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Power and Political Institutions

  • Terry M. Moe (a1)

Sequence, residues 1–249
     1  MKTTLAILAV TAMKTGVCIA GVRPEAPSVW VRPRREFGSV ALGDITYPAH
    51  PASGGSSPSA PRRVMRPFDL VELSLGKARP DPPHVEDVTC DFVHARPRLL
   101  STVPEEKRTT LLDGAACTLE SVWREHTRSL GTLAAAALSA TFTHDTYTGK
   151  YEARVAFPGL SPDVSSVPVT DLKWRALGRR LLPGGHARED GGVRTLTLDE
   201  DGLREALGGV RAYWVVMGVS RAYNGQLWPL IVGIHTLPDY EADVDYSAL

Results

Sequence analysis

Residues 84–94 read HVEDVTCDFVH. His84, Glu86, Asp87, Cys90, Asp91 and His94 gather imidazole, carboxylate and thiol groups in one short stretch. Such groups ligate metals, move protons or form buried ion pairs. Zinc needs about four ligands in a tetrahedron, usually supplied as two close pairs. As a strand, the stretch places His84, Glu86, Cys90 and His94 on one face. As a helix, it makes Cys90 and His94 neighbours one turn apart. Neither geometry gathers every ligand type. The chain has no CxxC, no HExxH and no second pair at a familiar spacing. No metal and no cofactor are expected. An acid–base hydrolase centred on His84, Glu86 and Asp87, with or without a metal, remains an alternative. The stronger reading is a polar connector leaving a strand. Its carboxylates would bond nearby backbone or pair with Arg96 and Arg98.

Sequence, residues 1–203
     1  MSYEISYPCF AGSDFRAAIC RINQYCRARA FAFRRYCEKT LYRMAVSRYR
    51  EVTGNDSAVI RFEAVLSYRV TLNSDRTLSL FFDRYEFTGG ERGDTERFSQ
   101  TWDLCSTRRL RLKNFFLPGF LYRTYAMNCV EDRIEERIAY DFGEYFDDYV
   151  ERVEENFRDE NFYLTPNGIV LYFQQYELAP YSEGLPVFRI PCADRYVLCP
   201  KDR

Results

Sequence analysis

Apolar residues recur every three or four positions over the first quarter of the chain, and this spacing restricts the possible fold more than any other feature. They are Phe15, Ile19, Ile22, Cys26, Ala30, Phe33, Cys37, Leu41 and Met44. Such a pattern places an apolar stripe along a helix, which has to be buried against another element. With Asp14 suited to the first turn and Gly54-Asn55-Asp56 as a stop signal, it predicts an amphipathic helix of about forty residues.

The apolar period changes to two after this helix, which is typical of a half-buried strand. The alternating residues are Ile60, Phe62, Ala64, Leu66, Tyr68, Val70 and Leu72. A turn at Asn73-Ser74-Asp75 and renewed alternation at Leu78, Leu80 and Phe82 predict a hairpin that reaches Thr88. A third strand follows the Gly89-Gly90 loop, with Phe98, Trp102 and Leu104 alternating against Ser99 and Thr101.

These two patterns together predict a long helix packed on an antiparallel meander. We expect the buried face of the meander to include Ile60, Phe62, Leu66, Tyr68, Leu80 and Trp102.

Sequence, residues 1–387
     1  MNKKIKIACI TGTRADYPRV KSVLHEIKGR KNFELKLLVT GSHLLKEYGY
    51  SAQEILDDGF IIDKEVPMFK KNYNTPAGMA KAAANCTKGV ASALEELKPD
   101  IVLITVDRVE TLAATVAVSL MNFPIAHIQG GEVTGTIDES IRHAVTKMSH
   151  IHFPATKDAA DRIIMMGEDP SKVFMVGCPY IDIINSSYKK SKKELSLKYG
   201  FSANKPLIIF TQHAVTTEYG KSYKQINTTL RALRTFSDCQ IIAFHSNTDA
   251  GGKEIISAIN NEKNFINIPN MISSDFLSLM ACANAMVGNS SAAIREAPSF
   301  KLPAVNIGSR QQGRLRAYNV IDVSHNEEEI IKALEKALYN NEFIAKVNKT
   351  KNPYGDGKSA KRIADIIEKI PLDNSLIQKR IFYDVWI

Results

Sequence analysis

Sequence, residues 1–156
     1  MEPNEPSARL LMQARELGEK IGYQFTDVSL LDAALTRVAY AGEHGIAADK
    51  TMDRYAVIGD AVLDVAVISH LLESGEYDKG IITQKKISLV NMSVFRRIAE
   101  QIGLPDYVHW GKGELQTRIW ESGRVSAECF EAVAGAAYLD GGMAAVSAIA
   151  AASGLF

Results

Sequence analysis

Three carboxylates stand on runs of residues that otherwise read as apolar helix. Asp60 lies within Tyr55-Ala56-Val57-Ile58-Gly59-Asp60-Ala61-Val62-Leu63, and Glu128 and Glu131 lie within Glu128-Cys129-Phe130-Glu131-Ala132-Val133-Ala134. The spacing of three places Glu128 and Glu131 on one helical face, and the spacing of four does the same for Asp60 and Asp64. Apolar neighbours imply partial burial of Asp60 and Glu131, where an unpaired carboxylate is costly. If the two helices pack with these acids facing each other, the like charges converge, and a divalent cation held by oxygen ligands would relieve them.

Rational choice theory tends to view political institutions as structures of voluntary cooperation that resolve collective action problems and benefit all concerned. Yet the political process often gives rise to institutions that are good for some people and bad for others, depending on who has the power to impose their will. Political institutions may be structures of cooperation, but they may also be structures of power—and the theory does not tell us much about this. As a result, it gives us a one-sided and overly benign view of what political institutions are and do. This problem is not well understood, and indeed is not typically seen as a problem at all. For there is a widespread sense in the rational choice literature that, because power is frequently discussed, it is an integral part of the theory and just as fundamental as cooperation. Confusion on this score has undermined efforts to right the imbalance. My purpose here is to clarify the analytic roles that power and cooperation actually play in this literature, and to argue that a more balanced theory—one that brings power from its periphery to its very core—is both necessary and entirely possible.Terry M. Moe is the William Bennett Munro Professor of Political Science at Stanford University and a senior fellow at the Hoover Institution ( An earlier version of this article was presented at the Yale Conference on Crafting and Operating Institutions, April 11–13, 2003. The author would like to thank Sven Feldmann, Lloyd Gruber, James Fearon, Peter Hall, Jennifer Hochschild, Stephen Krasner, Chris Mantzavinos, Gary Miller, Paul Pierson, Theda Skocpol, Barry Weingast, and anonymous reviewers for their helpful comments.

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